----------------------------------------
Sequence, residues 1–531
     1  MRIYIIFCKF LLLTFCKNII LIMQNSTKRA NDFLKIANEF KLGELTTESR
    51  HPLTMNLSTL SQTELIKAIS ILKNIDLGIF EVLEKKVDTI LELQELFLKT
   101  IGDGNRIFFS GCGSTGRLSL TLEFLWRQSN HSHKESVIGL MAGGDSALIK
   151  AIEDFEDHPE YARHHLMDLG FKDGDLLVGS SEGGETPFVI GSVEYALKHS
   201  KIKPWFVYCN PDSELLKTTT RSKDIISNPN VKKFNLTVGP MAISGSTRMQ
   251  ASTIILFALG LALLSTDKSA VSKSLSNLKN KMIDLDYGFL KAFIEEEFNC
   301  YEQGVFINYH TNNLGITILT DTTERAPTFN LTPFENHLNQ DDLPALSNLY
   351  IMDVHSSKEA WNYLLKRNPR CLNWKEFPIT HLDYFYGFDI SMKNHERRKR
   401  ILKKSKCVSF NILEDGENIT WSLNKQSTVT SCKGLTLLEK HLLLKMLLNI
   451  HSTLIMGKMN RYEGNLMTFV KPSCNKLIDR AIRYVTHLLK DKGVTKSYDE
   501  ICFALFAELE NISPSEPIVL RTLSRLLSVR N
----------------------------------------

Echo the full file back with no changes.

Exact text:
Sequence, residues 1–531
     1  MRIYIIFCKF LLLTFCKNII LIMQNSTKRA NDFLKIANEF KLGELTTESR
    51  HPLTMNLSTL SQTELIKAIS ILKNIDLGIF EVLEKKVDTI LELQELFLKT
   101  IGDGNRIFFS GCGSTGRLSL TLEFLWRQSN HSHKESVIGL MAGGDSALIK
   151  AIEDFEDHPE YARHHLMDLG FKDGDLLVGS SEGGETPFVI GSVEYALKHS
   201  KIKPWFVYCN PDSELLKTTT RSKDIISNPN VKKFNLTVGP MAISGSTRMQ
   251  ASTIILFALG LALLSTDKSA VSKSLSNLKN KMIDLDYGFL KAFIEEEFNC
   301  YEQGVFINYH TNNLGITILT DTTERAPTFN LTPFENHLNQ DDLPALSNLY
   351  IMDVHSSKEA WNYLLKRNPR CLNWKEFPIT HLDYFYGFDI SMKNHERRKR
   401  ILKKSKCVSF NILEDGENIT WSLNKQSTVT SCKGLTLLEK HLLLKMLLNI
   451  HSTLIMGKMN RYEGNLMTFV KPSCNKLIDR AIRYVTHLLK DKGVTKSYDE
   501  ICFALFAELE NISPSEPIVL RTLSRLLSVR N